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The Upanishads, Part 2 (SBE15), by Max Müller, [1879], at


1. Then Saivya Satyakâma asked him:--'Sir, if some one among men should meditate here until death on the syllable Om, what would he obtain by it?'

2. He replied: 'O Satyakâma, the syllable Om (AUM) is the highest and also the other Brahman;

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therefore he who knows it arrives by the same means 1 at one of the two.

3. If he meditate on one Mâtrâ (the A) 2, then, being enlightened by that only, he arrives quickly at the earth 3. The Rik-verses lead him to the world of men, and being endowed there with penance, abstinence, and faith, he enjoys greatness.

4. If he meditate with 4 two Mâtrâs (A + U) he arrives at the Manas 5, and is led up by the Yagus-verses to the sky, to the Soma-world. Having enjoyed greatness in the Soma-world, he returns again.

5. Again, he who meditates with this syllable AUM of three Mâtrâs, on the Highest Person, he comes to light and to the sun. And as a snake is freed from its skin, so is he freed from evil. He is led up by the Sâman-verses to the Brahma-world 6; and from him, full of life (Hiranyagarbha, the lord of the Satya-loka 7), he learns 8 to see the all-pervading, the Highest Person. And there are these two Slokas:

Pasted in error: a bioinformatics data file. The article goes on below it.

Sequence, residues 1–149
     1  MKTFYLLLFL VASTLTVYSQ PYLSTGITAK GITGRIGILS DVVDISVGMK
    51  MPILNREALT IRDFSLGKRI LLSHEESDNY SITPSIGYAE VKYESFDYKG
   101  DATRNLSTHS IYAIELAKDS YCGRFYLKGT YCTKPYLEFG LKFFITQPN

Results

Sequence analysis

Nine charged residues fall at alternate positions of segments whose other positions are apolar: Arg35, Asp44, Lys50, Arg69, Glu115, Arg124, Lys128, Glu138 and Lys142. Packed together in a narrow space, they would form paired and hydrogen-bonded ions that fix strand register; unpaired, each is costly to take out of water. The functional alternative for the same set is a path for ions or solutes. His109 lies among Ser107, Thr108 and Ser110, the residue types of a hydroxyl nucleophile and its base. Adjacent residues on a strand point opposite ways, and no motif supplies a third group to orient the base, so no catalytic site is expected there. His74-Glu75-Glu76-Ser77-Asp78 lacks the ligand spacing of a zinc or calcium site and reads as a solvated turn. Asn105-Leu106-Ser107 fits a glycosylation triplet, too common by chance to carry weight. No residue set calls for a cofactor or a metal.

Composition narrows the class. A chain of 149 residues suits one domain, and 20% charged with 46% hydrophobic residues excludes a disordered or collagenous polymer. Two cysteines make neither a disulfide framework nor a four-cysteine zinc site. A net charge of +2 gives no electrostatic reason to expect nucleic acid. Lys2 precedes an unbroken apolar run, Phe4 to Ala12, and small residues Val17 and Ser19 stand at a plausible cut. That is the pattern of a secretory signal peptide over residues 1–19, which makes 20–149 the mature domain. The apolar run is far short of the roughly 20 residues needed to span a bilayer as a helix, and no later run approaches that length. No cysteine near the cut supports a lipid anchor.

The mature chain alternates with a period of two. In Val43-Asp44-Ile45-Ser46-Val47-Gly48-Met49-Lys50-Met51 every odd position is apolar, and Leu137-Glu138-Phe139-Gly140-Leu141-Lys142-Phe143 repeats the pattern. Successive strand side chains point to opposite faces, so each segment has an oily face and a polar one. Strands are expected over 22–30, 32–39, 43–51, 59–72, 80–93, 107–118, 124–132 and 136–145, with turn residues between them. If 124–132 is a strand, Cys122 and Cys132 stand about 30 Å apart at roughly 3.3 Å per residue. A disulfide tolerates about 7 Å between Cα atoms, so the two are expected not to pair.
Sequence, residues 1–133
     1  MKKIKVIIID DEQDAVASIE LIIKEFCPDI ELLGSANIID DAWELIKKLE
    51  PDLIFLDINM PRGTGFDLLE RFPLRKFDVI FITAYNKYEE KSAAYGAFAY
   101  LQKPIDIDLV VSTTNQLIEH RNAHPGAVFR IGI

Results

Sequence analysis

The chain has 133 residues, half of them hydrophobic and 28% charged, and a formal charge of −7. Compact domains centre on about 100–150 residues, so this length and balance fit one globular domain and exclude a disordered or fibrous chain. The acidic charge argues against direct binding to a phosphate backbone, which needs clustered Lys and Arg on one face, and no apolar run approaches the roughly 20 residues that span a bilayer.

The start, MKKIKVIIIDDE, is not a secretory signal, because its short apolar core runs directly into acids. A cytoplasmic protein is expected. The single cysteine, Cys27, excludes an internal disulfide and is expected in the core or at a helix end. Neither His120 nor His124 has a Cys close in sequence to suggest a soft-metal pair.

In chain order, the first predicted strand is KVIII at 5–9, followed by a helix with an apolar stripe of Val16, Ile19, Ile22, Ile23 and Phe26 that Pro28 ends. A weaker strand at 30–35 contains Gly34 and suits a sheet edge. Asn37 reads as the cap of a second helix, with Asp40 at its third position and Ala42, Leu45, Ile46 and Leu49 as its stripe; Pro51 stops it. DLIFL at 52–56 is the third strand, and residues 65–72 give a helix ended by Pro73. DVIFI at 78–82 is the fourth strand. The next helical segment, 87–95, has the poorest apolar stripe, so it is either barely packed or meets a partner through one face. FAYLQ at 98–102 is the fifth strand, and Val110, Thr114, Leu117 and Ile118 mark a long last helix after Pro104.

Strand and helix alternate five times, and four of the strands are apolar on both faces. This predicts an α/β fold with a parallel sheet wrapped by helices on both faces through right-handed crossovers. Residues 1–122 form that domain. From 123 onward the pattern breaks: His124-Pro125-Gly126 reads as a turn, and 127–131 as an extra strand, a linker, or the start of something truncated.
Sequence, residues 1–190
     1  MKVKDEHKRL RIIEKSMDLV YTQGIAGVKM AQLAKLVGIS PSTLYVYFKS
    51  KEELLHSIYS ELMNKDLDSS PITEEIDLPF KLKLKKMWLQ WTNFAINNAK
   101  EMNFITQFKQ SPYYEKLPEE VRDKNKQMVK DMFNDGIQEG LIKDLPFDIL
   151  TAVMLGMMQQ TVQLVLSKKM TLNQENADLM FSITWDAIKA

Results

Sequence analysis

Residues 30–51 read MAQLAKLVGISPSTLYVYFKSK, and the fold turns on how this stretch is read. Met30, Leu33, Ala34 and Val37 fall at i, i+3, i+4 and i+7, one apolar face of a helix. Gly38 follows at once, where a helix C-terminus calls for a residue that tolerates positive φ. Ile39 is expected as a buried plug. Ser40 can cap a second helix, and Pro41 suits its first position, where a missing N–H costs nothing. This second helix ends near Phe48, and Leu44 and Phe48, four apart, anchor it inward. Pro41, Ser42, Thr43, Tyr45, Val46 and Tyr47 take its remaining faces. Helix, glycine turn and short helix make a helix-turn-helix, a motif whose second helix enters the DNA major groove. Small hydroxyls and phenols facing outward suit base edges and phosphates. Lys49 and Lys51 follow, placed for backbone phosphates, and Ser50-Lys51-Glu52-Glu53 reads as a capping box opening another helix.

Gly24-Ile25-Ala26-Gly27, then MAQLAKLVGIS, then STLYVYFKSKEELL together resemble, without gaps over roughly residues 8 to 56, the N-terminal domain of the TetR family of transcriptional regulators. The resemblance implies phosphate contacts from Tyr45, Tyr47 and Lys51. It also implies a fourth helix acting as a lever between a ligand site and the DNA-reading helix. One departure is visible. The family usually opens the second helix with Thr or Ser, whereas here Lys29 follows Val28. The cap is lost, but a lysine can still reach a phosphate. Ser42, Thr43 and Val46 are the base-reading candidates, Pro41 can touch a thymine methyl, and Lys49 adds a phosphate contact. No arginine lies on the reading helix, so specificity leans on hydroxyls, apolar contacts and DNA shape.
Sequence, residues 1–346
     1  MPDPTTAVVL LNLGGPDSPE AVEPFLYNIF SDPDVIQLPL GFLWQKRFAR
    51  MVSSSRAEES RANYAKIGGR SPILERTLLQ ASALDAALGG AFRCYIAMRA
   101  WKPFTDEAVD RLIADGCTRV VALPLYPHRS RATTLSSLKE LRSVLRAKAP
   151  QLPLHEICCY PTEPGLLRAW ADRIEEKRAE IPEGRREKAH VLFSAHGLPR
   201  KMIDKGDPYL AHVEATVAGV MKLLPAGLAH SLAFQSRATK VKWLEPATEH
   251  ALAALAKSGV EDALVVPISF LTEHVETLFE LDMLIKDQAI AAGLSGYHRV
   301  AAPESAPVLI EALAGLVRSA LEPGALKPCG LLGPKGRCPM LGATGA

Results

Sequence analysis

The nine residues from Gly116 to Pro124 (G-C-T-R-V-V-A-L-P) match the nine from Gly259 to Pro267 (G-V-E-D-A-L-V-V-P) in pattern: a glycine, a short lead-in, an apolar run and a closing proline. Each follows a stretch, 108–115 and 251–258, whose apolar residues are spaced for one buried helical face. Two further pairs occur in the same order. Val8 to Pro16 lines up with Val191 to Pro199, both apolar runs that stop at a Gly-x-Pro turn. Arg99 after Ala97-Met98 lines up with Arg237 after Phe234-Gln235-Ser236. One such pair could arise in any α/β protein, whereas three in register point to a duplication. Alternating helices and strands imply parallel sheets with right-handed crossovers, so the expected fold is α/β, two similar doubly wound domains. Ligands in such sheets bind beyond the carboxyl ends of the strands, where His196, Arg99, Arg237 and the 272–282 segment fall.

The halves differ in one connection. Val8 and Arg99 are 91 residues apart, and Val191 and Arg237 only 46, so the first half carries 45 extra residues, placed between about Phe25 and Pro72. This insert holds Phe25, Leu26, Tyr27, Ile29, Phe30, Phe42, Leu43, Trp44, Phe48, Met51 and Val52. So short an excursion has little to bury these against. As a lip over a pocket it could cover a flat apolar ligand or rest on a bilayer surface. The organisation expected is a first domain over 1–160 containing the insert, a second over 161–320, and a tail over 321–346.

6. The three Mâtrâs (A + U + M), if employed separate, and only joined one to another, are mortal 9;

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but in acts, external, internal, or intermediate, if well performed, the sage trembles not 1.

7. Through the Rik-verses he arrives at this world, through the Yagus-verses at the sky, through the Sâman-verses at that which the poets teach,--he arrives at this by means of the Oṅkâra; the wise arrives at that which is at rest, free from decay, from death, from fear,--the Highest.'


282:1 Âyatanena, âlambanena.

282:2 Dîpikâyâmkaspatinaivâkâramâtram ityeva vyâkhyâtam.

282:3 Sampadyate prâpnoti ganmeti seshah.

282:4 Srutau tritîyâ dvitîyârthe.

282:5 Literally the mind, but here meant for the moon, as before. It is clear that manasi belongs to sampadyate, not, as the Dîpikâ and Roer think, to dhyâyîta. Some take it for svapnâbhimânî Hiranyagarbhah.

282:6 The world of Hiranyagarbhah, called the Satyaloka.

282:7 On a later addition, bringing in the Om as consisting of three Mâtrâs and a half, see Weber, Ind. Stud. I, p. 453; Roer, p. 238.

282:8 Tadupadeseneti yâvat.

282:9 Because in their separate form, A, U, M, they do not mean the Highest Brahman.

283:1 The three acts are explained as waking, slumbering, and deep sleep; or as three kinds of pronunciation, târa-mandra-madhyama. They are probably meant for Yoga exercises in which the three Mâtrâs of Om are used as one word, and as an emblem of the Highest Brahman.

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